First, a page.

|{i : (xi , yi ) = (x, y)}| , n

(2)

for all (x, y) ∈ X × Y. Definition 2: For a random variable X ∼ p(x), and ǫ > 0, (n) the set of ǫ-typical sequences of length n, Tǫ (X), is defined as 1 Tǫ(n) (X) , {xn : |π(x|xn ) − p(x)| ≤ ǫp(x) for all x ∈ X }. (3) For (X, Y ) ∼ p(x, y), the set of jointly ǫ-typical sequences is defined as Tǫ(n) (X, Y ) ,

into non-overlapping blocks of length L. Each block is described separately. At the beginning of the j th coding period, each node a has observed a length-L block of the process (a) (a) (a),jL U(a) , i.e., U(j−1)L+1 = (U(j−1)L+1 , . . . , UjL ). The blocks (a),jL

{U(j−1)L+1 }a∈V observed at different nodes are described over the network in n uses of the network (The rate κ , L n is a parameter of the code). For those n time steps, at each step t ∈ {1, . . . , n}, each node a generates its next channel (a),jL inputs as a function of U(j−1)L+1 and its channels’ outputs up (a)

(a)

to time t − 1, here denoted by Y (a),t−1 = (Y1 , . . . , Yt−1 ), according to (a)

Xt

: (Y (a) )t−1 × U (a),L → X (a) .

(6)

Note that each node might be the input to more than one channel and/or the output of more than one channel. Hence, both (a) (a) Xt and Yt might be vectors depending on the indegree and outdegree of node a. The reconstruction at node b of the block ˆ (a→b),L . This reconstrucobserved at node a is denoted by U tion is a function of the source observed at node b and node ˆ (a→b),L = U ˆ (a→b) (Y (b),n , U (b),L ), b’s channel outputs, i.e., U where ˆ (a→b) : Y (b),n × U (a),L → Uˆ(a→b),L . U

(7)

The performance criterion for a coding scheme is its induced expected average distortions between sources and reconstruction blocks, i.e., for all a, b ∈ V L

(a→b)

E[dL

ˆ (a→b),L )] , E[ (U (a),L , U

1 X (a→b) (a) ˆ (a→b) d (Uk , Uk )], L k=1

{(xn , y n ) : |π(x, y|xn , y n ) − p(x, y)| ≤ ǫp(x, y), for all (x, y) ∈ X × Y}. (4) (n)

(n)

(n)

We shall use Tǫ instead of Tǫ (X) or Tǫ (X, Y ) when the random variable(s) clear from the context. (n) For xn ∈ Tǫ , let Tǫ(n) (Y |xn ) , {y n : (xn , y n ) ∈ Tǫ(n) }.

where d(a→b) : U (a) × Uˆ(a→b) → R+ is a per-letter distortion measure. As mentioned before U (a) and Uˆ(a→b) are either scalar or vector-valued. This allows the case where node a observes multiple sources and node b is interested in reconstructing a subset of them. Let dmax ,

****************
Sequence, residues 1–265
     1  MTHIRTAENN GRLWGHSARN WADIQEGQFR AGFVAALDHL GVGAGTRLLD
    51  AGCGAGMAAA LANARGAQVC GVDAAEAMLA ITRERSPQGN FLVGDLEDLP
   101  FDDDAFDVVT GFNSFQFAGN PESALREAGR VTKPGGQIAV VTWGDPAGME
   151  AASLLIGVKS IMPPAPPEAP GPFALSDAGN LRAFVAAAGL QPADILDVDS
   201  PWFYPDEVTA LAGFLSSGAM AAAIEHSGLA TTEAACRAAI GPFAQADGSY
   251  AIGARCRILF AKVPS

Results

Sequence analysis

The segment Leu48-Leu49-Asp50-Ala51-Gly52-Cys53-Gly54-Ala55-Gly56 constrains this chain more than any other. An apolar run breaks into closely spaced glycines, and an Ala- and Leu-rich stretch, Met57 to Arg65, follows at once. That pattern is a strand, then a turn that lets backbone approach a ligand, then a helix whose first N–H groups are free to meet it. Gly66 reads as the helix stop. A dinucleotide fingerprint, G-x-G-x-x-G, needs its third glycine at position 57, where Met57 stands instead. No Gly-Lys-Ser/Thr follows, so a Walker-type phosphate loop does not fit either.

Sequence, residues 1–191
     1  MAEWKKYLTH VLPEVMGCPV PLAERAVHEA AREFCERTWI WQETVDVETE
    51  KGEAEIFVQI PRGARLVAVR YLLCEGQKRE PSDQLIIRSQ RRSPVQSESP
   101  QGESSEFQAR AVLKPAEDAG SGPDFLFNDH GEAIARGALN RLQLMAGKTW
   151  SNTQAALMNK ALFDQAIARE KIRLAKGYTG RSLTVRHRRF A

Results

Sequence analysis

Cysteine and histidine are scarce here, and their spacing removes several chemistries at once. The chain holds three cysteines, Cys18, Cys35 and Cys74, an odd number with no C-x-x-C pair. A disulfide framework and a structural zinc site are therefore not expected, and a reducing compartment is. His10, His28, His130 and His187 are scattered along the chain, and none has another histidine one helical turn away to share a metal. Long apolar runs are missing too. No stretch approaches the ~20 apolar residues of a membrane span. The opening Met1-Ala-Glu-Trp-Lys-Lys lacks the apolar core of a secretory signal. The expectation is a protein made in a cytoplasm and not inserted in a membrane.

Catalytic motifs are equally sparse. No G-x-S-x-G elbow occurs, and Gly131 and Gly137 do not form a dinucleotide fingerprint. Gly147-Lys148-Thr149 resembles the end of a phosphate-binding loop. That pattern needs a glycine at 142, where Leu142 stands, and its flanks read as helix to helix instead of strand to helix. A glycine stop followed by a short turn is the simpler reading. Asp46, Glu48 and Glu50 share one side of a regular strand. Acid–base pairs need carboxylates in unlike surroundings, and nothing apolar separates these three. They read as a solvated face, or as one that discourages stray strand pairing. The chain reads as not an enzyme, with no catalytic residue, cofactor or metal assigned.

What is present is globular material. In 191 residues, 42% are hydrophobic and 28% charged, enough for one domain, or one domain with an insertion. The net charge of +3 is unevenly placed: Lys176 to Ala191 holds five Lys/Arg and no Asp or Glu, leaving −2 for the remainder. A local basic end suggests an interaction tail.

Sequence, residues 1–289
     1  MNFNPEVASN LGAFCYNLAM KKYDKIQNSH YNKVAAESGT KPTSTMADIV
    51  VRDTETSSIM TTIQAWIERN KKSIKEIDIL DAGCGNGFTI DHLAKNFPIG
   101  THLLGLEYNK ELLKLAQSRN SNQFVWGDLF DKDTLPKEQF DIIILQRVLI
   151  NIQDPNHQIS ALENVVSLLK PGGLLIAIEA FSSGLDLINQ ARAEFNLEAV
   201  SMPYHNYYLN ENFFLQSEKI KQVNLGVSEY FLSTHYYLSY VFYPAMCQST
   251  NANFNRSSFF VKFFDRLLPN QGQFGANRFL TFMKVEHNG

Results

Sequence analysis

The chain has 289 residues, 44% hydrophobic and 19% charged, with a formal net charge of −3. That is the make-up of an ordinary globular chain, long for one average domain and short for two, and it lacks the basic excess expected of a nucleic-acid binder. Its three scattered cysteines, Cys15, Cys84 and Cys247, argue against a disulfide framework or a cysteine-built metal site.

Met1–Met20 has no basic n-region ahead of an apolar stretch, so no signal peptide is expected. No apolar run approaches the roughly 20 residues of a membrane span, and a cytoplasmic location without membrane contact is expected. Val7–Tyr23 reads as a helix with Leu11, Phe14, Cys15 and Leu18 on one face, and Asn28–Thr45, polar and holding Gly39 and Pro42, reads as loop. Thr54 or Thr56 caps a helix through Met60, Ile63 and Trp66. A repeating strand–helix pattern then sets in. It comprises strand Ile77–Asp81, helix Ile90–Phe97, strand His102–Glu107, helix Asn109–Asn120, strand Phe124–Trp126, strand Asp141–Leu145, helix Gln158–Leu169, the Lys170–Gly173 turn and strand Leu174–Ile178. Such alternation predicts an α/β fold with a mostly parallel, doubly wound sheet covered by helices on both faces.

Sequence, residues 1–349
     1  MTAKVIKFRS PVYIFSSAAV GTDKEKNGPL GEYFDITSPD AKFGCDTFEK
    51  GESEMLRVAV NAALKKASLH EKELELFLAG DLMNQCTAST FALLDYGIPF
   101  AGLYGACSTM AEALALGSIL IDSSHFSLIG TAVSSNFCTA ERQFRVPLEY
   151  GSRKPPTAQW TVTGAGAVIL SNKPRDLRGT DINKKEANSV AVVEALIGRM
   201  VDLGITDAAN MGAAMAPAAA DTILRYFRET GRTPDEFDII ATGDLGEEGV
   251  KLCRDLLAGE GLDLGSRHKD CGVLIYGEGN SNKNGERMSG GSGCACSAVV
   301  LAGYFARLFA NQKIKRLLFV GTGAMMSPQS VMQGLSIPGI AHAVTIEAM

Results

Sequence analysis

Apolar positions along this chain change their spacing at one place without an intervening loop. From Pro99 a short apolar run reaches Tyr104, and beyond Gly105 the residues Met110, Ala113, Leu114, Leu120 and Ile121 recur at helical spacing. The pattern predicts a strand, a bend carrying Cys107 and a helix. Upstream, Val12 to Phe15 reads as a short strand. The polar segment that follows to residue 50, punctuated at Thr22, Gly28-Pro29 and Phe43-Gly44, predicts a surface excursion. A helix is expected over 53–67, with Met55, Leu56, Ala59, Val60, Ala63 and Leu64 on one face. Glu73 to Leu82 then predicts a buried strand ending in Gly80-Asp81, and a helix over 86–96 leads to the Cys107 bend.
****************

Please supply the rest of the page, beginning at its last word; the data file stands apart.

(5)

III. T HE SETUP Consider a wireline network N consisting of m nodes interconnected via point-to-point, independent DMCs. The topology of the network is represented by a directed graph G = (V, E), where V = {1, . . . , m} and E ⊆ V × V denote the set of nodes and the set of edges respectively. Each directed edge e = [v1 , v2 ] ∈ E represents a point-topoint DMC between nodes v1 (input) and v2 (output). Each (a) node a observes some source process U(a) = {Uk }∞ k=1 , and is interested in reconstructing a subset of the processes observed by the other nodes. The alphabet of source U(a) , U (a) , can be either scalar or vector-valued. This allows node a to have a vector of sources. For achieving this goal in a block coding framework, source output symbols are divided 1 In this paper we only consider strong typicality, and use the definition introduced in [9].

max

ˆ (a→b) a,b,∈V,α∈U (a) ,β∈U

d(a→b) (α, β) < ∞.

If node b is not interested in reconstructing node a, then we simply let d(a→b) ≡ 0. The distortion matrix D is said to be achievable at a rate κ in a network N , if for any ǫ > 0, there exists a pair (L, n), L/n = κ, and block length n coding scheme such that (a→b)

E[dL

ˆ (a→b),L )] ≤ D(a, b) + ǫ, (U (a),L , U

(8)

for any (a, b) ∈ V × V. Unlike [6], this paper uses strong typicality arguments to demonstrate the equivalence between noisy channels and noiseless bit-pipes of the same capacity. We first assume that the channel input and output alphabets are finite, and then extend the results to the case of continuous channels. The sources alphabets are always assumed to be discrete. Throughout the paper, for a wireline network N represented by a directed graph G = (V, E), let Nb denote a network with identical topology such that each edge e ∈ E in Nb represents

LR

UL

Enc.

Dec.

Fig. 1.

p(u). In this simple network the minimum required rate for describing the source U at distortion D, R(D), is known to be [11] ˆ ). R(D) = min I(U ; U

ˆL U

Simple point-to-point channel

ˆ p(ˆ u|u):E[d(U,U)]≤D

Evaluating R(D) at D = 0, it follows that a bit-pipe of capacity Ce , where Ce is equal to the capacity of the point-to-point DMC corresponding to e in N . IV. S TACKED NETWORK For a given network N , its N -fold stacked version N is defined as N copies of the original network [6]. For each node (edge) in N , there are N copies of the same node (edge) in N . A node in N has access to the data available to all its copies, and together with its copies they performs the encoding and decoding operations. More precisely, in an N -fold stacked network, (a)

Xt

: Y (a),N (t−1) × U (a),N L → X (a),N ,

(9)

and ˆ (a→b) : Y (b),nN × U (b),N L → Uˆ(a→b),N L , U

(10)

which correspond to (6) and (7) in the original network. Moreover, in such network, the distortion between the source observed at node a and its reconstruction at node b is defined as i h (a→b) ˆ (a→b),N L ) , (11) DN (a, b) = E dN L (U (a→b),N L , U for any (a, b) ∈ V × V. A distortion matrix D is said to be achievable in the stacked network at some rate κ if for any given ǫ > 0, there exist N and n large enough, such that DN (a, b) ≤ D(a, b) + ǫ, for all (a, b) ∈ V × V. Note that the dimension of the distortion matrices in both single layer and multi-layer networks is m × m. Let D(κ, N ) and Ds (κ, N ) denote the closure of the set of achievable distortion matrices at some rate κ in a network N and its stacked version N respectively. The following result from [7] shows that the two regions are equal. Theorem 1 (Theorem 1 in [7]): At any rate κ, D(κ, N ) = Ds (κ, N ).